But if he does not, fellow Essex Rising co-founders Lisa Brittan and Gary van Wyk will not be discouraged. Both were both involved with the resistance art movement against apartheid in their native South Africa, so they know the tenacity required by participants in any political movement. And they hope anyone concerned about Trump’s policies will take a stand against them, as Essex Rising is doing, because doing nothing is only being complicit, they said.
Brittan said she feels Trump and those who vote with him like Frelinghuysen are “eroding” the liberties that make the United States great. As a result, she said America is becoming more like the South Africa she left behind.
“When you try to shut down the freedom of expression and the freedom of the press, when you shut down all the cultural and artistic institutions (and) anyone who has a voice that differs from the status quo, when you fund the military in such a substantial way to the detriment of so many other really amazing programs that the country has supported for so many, many years — that’s a real dismantling of a society,” Brittan told the Chronicle in a March 17 phone interview. “I’m not concerned about the future. I’m concerned about the present because it is happening. It’s not a matter of whether it might happen — it is happening.”
Many other Essex County residents feel the same way, judging from Essex Rising’s growth during the past few months. Since forming in the wake of Trump’s election, Redwine said the group has grown from a collection of six concerned parents to an organization of 850 members and four subcommittees, each focusing on a different form of progressive action. Those include refugee relief and community service, political action, fair and welcoming policies and civil liberties, and unity.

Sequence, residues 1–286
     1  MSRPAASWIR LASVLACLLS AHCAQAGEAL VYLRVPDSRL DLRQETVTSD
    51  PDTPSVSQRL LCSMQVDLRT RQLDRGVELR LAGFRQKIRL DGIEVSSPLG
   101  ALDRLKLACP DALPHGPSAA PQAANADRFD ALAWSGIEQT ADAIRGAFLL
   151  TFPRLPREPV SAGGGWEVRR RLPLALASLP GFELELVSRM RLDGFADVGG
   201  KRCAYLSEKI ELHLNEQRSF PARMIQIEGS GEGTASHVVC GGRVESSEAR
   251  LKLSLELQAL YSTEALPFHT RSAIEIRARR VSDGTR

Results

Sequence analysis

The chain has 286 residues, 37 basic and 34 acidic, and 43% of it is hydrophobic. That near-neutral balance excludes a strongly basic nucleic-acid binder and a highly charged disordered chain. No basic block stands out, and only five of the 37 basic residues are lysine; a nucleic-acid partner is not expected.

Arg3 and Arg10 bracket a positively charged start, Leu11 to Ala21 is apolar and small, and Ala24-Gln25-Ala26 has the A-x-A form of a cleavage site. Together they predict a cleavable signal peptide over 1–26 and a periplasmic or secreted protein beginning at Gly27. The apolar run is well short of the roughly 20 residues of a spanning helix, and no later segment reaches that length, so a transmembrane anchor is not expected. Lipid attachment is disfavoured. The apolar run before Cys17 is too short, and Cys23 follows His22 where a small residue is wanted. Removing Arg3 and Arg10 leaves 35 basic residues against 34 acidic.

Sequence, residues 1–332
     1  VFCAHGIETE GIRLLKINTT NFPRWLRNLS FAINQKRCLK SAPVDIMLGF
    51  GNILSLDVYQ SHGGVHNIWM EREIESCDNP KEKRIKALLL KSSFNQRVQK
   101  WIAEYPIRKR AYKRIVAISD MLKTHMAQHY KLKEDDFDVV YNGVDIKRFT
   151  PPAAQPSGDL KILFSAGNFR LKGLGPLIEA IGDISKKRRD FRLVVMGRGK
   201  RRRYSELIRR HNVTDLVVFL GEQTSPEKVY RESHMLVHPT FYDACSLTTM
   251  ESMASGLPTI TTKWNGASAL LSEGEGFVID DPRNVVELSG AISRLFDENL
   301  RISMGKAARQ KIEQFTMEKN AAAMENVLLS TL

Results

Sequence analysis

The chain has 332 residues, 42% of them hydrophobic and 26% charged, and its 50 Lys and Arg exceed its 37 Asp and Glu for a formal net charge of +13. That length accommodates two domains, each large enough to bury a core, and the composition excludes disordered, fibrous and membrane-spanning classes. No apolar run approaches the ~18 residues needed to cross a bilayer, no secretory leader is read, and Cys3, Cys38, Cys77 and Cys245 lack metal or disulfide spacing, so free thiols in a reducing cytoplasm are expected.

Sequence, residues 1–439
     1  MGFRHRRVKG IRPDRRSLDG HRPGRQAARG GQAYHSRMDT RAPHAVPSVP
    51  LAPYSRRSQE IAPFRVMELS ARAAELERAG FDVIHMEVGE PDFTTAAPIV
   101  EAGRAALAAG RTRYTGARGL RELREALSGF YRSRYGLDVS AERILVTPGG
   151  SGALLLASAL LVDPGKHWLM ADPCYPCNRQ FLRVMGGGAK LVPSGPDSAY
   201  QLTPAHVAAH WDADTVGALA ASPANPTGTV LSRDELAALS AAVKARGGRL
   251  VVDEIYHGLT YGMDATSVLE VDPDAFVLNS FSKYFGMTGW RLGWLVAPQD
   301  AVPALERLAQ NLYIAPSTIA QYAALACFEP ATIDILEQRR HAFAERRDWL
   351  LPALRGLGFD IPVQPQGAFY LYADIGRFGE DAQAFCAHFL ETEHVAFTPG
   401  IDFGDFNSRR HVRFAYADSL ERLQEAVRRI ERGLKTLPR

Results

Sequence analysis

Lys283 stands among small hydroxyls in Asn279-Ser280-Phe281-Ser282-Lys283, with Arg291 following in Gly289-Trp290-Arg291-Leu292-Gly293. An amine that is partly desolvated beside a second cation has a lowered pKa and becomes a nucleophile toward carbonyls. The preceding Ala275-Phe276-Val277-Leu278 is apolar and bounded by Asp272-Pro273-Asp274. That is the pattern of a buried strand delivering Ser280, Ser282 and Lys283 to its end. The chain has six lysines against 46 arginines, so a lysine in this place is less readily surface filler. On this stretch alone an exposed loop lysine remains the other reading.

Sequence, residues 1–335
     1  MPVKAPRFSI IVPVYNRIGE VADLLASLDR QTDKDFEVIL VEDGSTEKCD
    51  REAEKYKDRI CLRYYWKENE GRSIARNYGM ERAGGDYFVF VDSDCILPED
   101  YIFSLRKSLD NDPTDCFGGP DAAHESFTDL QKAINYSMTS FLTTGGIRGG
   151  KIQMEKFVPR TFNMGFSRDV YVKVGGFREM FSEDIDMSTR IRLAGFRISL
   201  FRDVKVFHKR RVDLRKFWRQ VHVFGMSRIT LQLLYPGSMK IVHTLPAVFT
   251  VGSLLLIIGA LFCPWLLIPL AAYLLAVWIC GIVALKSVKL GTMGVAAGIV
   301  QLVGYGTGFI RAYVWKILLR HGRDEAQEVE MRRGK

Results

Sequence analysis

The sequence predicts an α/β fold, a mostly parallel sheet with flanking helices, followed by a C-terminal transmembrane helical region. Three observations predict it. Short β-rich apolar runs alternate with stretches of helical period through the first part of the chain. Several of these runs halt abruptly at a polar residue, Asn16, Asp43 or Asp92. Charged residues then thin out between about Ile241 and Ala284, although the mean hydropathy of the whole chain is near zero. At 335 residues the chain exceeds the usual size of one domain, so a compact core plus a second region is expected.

The membership has been quite active as well, from participating in marches and advocating for West Orange teachers to demanding that the township become a sanctuary city. Most recently, Essex Rising sponsored a gubernatorial candidates forum in which attendees could learn more about Democratic candidates John Wisniewski and Jim Johnson. The action group will next meet at Wyoming Presbyterian Church in Millburn on March 25 to write letters to detainees.
Of course, van Wyk said Essex Rising will continue to exert pressure on Frelinghuysen until he holds a town hall meeting for his constituents. He said the silent protest proved how determined its members are, to the point that not even the bitter cold kept them from getting their message across. The congressman cannot avoid them forever, he said.
“Come thick or thin, warm or cold, we’re not going to give up,” van Wyk told the Chronicle in a March 17 phone interview. “We are going to hold him accountable. And we don’t want him visiting our schools if he’s not going to visit the constituents of the towns.”
Photos Courtesy of Todd Plitt